Project Update - May 2017

Thanks to the Department of Home Affairs, I have recently been in the UK for 9 weeks, obtaining a resident’s visa during this extended stay (I missed the Swartkop Air Show) but was able to visit many of the top Aircraft Museums and do some research. Whilst I was in the UK, progress continued on the project, thanks to our dedicated volunteers: the continued stripping of the fuselage is now complete. The primary focus however was on preparations for the Air Show and the Spitfire Pilots Re-union of which I am sure you have seen the press releases and updates.

  Bakkie with new empennage: take off in 15 minutes?  

Photo Above: Bakkie with new empennage: take off in 15 minutes?

We have also been pushing forward with the sub-project of simulators and have made some great progress, including a possible offer of a professional level simulator for the Museum.

Projects with AeroSud and local colleges have also gained momentum. Recent actions have seen the tail-plane and pilot’s seat placed in the workshop, in order to carry out inspection and repair assessments.

  Empennage transferred to the workshop  

Photo Above: Empennage transferred to the workshop

There are some brief notes on my visits whilst in UK below, with a final more in depth report with more pictures to follow:


RAF Duxford

This visit was pre-arranged with the help of Graham Hutchinson, our man on the ground there. I got to visit not only the Imperial War Museum but also the more important (to us) repair facilities there. Key items were viewing fuselage, wing and engine mounting jigs and how they were used. These facilities also make and stock a large number of Spitfire spares for sale. The day was made, however, by the test flying of a Spitfire straight off the repair line; this entertained us for a couple of very pleasant hours.

  Keith Pratt, and what's that aeroplane, again?  

Photo Above: Keith Pratt, and what's that aeroplane, again?

RAF Cosford

This is the sister Museum to RAF Hendon, which I visited last year, but as we discovered, it houses the main restoration centre for the RAF: the “Michael Beetham Conservation Centre.” We were made most welcome wherever we went on site and have made contact there with the Restoration Manager, who is keen to set up permanent links. We viewed a Mk 1 Spitfire and also the infamous 1 to 1 scale Airfix Model Spitfire constructed by James May of TV fame. Entry here is free, and the highlights were the simulators and the virtual reality centre, which is chargeable, but which keeps children and adults entertained for hours.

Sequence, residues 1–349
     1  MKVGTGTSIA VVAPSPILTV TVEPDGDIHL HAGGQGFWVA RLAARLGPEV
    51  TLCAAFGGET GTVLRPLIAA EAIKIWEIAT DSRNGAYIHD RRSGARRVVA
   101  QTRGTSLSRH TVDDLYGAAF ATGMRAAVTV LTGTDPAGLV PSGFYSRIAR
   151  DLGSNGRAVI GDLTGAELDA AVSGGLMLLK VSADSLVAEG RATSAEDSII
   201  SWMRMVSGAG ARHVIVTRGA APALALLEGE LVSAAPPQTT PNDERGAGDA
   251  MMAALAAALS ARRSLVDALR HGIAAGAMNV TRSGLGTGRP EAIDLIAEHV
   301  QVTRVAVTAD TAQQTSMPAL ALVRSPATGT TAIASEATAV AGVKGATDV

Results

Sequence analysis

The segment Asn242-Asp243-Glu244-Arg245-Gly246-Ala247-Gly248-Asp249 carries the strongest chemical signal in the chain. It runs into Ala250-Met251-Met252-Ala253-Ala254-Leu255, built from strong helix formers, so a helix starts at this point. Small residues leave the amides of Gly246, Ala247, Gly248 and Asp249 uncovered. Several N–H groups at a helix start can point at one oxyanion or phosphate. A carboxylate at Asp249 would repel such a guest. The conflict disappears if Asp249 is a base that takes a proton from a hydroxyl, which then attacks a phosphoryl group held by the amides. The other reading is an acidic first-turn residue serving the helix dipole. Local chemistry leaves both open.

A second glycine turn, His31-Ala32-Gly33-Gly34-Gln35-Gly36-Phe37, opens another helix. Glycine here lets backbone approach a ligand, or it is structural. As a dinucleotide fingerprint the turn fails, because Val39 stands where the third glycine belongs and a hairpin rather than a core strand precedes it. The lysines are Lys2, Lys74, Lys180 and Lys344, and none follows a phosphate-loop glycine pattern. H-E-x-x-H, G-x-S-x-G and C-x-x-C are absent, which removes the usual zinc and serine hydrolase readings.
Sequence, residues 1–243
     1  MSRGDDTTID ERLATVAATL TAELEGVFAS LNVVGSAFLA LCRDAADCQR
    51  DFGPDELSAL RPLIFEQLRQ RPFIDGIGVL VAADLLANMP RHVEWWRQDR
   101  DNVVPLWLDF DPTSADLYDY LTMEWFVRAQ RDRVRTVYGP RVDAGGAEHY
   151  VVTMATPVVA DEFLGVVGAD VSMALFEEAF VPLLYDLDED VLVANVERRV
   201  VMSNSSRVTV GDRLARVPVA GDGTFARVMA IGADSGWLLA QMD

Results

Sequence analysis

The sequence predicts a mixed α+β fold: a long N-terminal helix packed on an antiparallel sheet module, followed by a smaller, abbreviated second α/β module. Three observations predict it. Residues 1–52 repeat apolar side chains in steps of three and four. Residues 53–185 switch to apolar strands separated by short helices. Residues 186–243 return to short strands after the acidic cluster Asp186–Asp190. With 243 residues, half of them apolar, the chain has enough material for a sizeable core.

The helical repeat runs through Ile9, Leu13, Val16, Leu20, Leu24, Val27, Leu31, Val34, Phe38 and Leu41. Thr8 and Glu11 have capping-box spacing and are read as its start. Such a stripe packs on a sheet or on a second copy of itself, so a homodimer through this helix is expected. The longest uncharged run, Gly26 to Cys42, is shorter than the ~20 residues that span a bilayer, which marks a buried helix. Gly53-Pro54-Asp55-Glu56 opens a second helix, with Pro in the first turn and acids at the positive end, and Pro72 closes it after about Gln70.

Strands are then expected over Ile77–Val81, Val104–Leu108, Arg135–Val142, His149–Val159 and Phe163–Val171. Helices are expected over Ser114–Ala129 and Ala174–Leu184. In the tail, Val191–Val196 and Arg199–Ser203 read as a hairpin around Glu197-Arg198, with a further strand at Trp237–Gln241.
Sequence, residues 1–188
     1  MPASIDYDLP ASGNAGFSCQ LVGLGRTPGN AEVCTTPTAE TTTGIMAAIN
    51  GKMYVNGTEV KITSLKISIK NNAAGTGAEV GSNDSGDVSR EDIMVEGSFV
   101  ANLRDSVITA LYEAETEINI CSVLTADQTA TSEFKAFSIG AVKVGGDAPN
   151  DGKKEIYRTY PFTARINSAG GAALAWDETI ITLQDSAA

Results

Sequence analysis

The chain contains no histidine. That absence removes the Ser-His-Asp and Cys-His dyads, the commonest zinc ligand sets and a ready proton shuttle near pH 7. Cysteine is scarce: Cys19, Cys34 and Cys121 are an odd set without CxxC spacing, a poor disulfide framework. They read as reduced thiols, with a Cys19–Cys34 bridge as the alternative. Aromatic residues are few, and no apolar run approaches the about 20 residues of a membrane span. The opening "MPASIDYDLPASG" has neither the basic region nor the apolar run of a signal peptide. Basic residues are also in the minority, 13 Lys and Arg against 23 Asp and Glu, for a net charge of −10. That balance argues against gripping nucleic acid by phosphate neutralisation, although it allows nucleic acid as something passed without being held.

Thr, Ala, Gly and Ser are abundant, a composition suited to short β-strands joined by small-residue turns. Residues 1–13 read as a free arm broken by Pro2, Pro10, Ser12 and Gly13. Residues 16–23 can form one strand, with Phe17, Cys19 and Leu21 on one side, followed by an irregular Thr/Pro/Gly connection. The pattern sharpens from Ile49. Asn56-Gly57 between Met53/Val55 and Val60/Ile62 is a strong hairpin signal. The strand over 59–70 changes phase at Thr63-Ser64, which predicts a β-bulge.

James May's (in)famous 1:1 scale Airfix Spitfire  

Photo Above: James May's (in)Famous 1:1 scale Airfix Spitfire

Biggin Hill Heritage Hanger

13 Spitfires are housed here both for repair and entertainment. Many Merlin engines line the workshop walls and many other spares are available. We discussed in detail how we could do business together and the best way to progress with our project. Visits here are by conducted tours, cockpit visits, and indeed flights in two seat Spitfires. (A flight of 30min is £2,550: well over R40 000 !) I was shown 2 ex SAAF Spitfires and offered the opportunity to buy one at £2.8 million – over R46 million. I was regrettably unable to oblige. Sadly my camera failed to download on the day but Biggin Hill have agreed to forward photos to me.

Biggin Hill Heritage Hanger

This was not my first visit here, but I wanted to carry out further research on both the Spitfire simulator and the wonderful contribution made by SA men and women to this organisation during WW2. These pilots delivered all types of aircraft from the factory to the front line before the radios were fitted. Map reading was clearly a necessary skill and difficult in the UK’s cloudy skies. One such pilot was a local from Pretoria who used to ride her bike to Swartkop to watch the planes as a child in 1938. She became the first SA woman to do a parachute jump, at age 17 at Swartkop. Then off to WW2 to fly ! Jackie Moggeridge (Sorour) has written a book: Spitfire Girl.

  Example of a Spitfire simulator at the Air Transport Auxiliary  

Photo Above: Example of a Spitfire simulator at the Air Transport Auxiliary

These visits have achieved:
Active personal contacts at each stop;
Active opportunities for website links;
An appreciation of the supply system, of spares, supply & purchase;
An understanding of the strategy used by these organisations; and
I got to see a Spitfire or two!

Keith Pratt, May 2017.


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